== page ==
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How to Use a 529 to Pay for K-12

As of January 2018, parents can now use their 529 plans to pay for private K-12 tuition. Originally designed for college, 529 plans allow tax-free earnings growth and tax-free withdrawals when the funds are used to pay for expenses that meet the requirements. That now includes private school tuition.

When using the 529 funds for college expenses the rules for what you can spend the money on are a lot more broad. When using a 529 plan to pay for K-12 expenses, it can only go towards tuition. Anything outside of tuition, like school supplies or field trip expenses are not covered. Under the new law, you can withdraw $10,000 per student, per year and put it towards K-12 tuition. This only applies to students who attend private schools that require tuition. If your students go to public schools, their school expenses are not covered by the new law and you are unable withdraw money from your 529 to cover those expenses.

The biggest advantages of 529 plans are the tax deductions and the ability to withdraw money without having to pay tax on the growth. But, to get the most value from your 529 plan, you need to have time to let it grow. Before deciding to use your 529 plan to help pay for K-12 tuition, there are a couple things to consider.

The first, when will you need to withdraw money from the 529? If you take out money now, will it still have the time it needs to grow. If you have young children and are planning on using the money to pay for high school tuition, you still have a good amount of time to let the 529 account grow. If you don’t have that time, it may be a good idea to look at other ways of funding the private school tuition.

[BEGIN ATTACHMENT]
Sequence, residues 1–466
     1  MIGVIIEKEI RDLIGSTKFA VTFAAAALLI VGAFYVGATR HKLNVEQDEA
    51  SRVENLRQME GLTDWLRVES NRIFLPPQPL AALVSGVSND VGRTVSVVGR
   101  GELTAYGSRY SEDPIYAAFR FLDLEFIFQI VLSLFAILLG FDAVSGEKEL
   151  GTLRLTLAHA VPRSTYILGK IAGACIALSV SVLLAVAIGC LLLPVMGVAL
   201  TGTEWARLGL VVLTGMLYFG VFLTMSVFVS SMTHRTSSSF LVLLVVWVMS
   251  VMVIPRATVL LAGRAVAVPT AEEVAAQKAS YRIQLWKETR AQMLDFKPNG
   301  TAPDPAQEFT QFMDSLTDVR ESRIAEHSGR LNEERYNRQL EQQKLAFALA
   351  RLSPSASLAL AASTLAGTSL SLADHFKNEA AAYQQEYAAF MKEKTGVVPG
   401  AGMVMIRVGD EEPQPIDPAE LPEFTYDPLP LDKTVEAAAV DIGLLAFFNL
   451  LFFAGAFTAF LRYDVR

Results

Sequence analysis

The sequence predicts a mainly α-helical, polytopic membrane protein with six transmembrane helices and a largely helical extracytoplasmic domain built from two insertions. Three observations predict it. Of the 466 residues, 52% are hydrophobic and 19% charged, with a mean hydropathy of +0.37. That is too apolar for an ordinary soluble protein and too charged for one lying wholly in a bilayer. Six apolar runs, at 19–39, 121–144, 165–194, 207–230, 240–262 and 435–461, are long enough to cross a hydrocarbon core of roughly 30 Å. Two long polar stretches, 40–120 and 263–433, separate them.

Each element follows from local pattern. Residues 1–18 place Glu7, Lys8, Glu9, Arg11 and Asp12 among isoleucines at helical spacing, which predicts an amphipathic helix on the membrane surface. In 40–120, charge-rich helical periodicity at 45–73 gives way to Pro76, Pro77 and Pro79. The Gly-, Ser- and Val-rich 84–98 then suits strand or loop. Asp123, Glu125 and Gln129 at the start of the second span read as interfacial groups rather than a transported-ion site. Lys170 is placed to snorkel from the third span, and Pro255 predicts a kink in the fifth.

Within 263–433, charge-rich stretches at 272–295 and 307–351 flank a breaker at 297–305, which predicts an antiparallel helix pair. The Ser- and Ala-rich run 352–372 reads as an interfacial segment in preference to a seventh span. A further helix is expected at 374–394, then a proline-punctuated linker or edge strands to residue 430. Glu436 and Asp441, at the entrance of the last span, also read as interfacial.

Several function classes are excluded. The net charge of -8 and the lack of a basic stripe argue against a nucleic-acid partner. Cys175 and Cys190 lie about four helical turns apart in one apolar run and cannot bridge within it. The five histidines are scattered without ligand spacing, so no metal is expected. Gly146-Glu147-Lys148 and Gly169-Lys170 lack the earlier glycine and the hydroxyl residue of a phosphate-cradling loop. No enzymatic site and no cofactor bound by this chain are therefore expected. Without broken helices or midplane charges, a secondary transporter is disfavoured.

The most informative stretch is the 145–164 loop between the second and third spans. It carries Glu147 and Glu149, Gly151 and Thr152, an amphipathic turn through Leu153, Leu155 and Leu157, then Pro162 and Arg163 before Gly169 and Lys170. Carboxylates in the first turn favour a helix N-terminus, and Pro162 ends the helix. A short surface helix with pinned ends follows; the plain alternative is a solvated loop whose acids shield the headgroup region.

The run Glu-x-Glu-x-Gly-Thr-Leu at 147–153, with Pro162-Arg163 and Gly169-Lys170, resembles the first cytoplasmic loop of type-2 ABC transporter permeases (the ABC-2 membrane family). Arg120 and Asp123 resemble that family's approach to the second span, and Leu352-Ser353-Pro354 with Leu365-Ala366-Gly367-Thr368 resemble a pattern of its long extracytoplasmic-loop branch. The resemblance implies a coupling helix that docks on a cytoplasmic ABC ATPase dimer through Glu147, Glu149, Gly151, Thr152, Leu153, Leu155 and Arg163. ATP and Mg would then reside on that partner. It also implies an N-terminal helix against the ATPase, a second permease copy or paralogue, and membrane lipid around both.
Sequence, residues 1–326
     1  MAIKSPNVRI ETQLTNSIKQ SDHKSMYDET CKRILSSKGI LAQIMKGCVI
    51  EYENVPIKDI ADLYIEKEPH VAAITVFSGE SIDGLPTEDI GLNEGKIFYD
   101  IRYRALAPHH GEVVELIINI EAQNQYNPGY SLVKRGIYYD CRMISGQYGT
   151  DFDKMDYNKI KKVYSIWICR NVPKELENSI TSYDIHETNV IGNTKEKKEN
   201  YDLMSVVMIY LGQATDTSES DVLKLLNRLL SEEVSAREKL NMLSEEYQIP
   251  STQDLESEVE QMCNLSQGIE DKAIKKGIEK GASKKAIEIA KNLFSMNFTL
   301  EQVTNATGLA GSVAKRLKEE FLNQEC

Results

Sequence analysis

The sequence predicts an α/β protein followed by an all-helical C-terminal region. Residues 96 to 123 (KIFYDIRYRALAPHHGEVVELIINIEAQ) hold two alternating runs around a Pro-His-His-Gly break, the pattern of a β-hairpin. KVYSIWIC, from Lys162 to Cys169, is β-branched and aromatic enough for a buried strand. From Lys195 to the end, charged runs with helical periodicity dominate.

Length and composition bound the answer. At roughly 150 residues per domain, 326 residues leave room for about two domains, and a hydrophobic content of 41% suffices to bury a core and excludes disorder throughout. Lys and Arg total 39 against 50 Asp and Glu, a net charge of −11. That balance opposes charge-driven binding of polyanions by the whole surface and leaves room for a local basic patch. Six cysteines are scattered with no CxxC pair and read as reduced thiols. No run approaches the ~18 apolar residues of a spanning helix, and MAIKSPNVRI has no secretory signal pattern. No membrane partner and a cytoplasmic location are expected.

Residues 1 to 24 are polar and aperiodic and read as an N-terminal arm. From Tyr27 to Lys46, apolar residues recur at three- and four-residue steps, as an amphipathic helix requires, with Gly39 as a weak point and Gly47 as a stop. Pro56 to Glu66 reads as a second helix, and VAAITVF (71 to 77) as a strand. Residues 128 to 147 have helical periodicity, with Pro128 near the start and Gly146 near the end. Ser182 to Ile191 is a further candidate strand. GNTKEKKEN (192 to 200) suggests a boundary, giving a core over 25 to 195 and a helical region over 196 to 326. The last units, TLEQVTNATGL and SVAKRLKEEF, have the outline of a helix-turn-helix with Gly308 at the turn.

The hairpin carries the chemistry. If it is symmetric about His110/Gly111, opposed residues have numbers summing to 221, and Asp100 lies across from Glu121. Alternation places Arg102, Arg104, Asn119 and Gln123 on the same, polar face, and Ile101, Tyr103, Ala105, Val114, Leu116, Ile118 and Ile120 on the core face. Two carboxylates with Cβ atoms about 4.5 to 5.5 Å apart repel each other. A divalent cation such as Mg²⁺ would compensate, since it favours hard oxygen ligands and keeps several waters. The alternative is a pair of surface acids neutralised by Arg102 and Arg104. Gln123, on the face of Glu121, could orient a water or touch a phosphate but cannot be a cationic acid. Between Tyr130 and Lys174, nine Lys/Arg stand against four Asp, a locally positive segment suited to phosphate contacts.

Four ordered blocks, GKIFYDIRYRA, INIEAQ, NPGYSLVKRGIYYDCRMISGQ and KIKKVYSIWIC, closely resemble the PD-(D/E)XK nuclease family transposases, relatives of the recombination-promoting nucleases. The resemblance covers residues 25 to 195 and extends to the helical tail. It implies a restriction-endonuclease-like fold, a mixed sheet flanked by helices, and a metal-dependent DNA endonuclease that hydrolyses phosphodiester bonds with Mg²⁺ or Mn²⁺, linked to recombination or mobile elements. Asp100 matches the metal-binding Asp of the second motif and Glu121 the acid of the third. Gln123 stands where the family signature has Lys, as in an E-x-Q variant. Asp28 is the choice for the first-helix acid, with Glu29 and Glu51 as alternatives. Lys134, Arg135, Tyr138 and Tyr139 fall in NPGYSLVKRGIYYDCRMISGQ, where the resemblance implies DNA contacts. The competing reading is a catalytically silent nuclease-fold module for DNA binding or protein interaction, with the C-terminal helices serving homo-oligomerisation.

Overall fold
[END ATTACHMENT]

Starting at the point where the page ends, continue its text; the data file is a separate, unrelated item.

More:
Second, what are your student’s college plans? Are they a talented athlete or scholar who will receive a scholarship that may pay for most of their university expenses? Maybe your student has decided college is not for them, or they choose an inexpensive college. Whatever the reason, if you think you may not need all the money in your 529 plan, it may be a good idea to start using some of that money to pay for private school tuition. Also keep in mind you can transfer money not used to another 529 beneficiary like a sibling without any penalties.

Third, consider how much you are spending a year on private school tuition and if $10,000 a year covers that. Although the average private school tuition is $10,302, many private schools can cost a lot more, even around $30,000 (especially in urban areas). The higher the cost of tuition, the less federal tax savings on $10,000 may mean to you. It’s also important to understand that if you are hoping scholarships may cover some of the tuition for your student’s private school, the financial aid department at that school may start to include the value of 529 plans in their financial need analysis.

If you’re going to use your 529 plan to pay for your student’s private school tuition it’s important to know the rules of your state and how they apply to your 529 plan. Each state differs in tax deductions related to a 529 plan and how they apply to your own situation.

Using a 529 plan to pay for K-12 tuition is a great idea in some cases. Make sure you have enough money left to cover the cost of college tuition which is on the rise. Go through the list of benefits and access your contribution and savings plans before making the final decision on whether it’s worth it.

Sources: Washington Post , The College Investor , The College Investor , EdChoice 

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